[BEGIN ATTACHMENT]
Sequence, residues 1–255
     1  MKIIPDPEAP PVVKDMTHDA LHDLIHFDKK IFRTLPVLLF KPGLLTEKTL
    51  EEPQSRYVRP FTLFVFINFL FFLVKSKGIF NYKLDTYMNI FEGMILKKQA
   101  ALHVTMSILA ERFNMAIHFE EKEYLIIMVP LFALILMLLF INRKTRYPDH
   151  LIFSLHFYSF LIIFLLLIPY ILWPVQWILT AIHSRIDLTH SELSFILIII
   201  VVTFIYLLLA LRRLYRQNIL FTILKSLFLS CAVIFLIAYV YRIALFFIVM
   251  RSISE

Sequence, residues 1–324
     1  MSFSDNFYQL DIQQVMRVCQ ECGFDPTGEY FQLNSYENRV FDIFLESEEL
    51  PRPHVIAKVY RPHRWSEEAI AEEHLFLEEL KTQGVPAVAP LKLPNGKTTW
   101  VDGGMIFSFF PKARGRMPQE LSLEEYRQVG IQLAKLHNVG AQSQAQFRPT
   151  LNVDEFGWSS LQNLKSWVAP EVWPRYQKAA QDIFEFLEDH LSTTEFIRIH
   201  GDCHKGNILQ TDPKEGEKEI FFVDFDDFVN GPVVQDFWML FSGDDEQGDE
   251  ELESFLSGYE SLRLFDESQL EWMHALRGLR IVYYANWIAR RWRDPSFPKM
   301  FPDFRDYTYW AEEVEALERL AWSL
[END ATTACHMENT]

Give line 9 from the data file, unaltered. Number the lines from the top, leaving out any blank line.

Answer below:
     1  MSFSDNFYQL DIQQVMRVCQ ECGFDPTGEY FQLNSYENRV FDIFLESEEL